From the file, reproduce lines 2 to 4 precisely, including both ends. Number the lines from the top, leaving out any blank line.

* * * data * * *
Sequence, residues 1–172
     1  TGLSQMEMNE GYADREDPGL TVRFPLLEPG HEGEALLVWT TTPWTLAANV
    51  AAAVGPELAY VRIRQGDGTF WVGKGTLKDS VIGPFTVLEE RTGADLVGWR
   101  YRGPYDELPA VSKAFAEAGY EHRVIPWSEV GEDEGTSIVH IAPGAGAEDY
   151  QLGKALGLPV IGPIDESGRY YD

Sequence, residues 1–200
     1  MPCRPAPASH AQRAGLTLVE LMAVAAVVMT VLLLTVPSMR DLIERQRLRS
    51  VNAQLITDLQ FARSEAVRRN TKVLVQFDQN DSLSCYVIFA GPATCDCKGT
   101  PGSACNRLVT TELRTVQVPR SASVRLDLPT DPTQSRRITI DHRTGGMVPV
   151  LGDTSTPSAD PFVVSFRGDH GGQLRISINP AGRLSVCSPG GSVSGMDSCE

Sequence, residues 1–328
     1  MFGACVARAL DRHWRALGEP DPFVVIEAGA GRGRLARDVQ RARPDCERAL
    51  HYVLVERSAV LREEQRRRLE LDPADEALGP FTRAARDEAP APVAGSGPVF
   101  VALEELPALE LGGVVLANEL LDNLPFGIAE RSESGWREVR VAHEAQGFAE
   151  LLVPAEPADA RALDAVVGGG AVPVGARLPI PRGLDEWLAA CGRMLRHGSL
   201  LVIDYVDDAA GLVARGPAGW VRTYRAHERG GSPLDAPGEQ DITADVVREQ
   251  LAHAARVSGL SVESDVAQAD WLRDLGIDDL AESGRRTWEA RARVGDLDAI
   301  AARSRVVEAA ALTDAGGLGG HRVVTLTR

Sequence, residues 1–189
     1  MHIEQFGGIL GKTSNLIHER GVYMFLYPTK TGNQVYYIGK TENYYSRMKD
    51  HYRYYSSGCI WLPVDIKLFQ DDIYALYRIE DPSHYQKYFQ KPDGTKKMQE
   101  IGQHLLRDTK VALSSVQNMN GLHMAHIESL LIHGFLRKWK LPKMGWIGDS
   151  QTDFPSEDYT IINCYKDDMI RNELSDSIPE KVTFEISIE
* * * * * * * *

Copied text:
     1  TGLSQMEMNE GYADREDPGL TVRFPLLEPG HEGEALLVWT TTPWTLAANV
    51  AAAVGPELAY VRIRQGDGTF WVGKGTLKDS VIGPFTVLEE RTGADLVGWR
   101  YRGPYDELPA VSKAFAEAGY EHRVIPWSEV GEDEGTSIVH IAPGAGAEDY